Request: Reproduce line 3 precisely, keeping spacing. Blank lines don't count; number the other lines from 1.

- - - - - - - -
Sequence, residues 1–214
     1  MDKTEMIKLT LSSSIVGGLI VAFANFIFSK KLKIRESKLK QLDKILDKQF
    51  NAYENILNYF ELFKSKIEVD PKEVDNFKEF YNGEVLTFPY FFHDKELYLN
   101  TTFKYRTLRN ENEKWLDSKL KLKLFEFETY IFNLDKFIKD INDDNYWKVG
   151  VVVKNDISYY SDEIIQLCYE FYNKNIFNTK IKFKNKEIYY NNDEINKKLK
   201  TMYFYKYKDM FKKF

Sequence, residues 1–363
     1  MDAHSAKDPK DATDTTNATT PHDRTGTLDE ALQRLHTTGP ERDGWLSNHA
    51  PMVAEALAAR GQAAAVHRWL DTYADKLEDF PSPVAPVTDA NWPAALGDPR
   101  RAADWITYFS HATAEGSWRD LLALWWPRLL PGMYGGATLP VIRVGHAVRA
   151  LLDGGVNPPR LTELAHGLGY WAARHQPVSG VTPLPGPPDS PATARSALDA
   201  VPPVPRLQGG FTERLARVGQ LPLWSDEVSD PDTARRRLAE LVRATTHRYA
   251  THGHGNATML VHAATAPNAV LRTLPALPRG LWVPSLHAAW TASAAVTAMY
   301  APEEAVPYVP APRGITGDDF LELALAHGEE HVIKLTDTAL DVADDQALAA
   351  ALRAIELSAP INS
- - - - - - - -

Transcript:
    51  NAYENILNYF ELFKSKIEVD PKEVDNFKEF YNGEVLTFPY FFHDKELYLN